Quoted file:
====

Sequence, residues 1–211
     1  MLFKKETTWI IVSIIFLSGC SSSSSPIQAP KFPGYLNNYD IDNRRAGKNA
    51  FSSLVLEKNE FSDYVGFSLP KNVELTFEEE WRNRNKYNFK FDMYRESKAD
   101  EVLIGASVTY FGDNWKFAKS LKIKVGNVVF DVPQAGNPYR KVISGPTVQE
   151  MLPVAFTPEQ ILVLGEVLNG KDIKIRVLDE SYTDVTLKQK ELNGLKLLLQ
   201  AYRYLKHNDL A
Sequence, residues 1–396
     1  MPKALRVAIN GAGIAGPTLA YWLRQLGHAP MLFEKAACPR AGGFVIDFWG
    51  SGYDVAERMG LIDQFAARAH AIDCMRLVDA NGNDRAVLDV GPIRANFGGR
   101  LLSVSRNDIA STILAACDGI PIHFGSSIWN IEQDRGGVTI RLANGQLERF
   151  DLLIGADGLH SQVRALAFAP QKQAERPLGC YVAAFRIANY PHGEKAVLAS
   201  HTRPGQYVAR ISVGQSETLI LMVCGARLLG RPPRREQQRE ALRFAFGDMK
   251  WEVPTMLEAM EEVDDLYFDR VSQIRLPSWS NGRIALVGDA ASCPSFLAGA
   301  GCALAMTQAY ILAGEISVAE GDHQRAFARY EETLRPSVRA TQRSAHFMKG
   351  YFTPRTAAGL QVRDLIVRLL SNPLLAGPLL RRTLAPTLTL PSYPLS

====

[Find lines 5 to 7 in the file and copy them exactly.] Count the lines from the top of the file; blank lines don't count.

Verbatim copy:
   151  MLPVAFTPEQ ILVLGEVLNG KDIKIRVLDE SYTDVTLKQK ELNGLKLLLQ
   201  AYRYLKHNDL A
Sequence, residues 1–396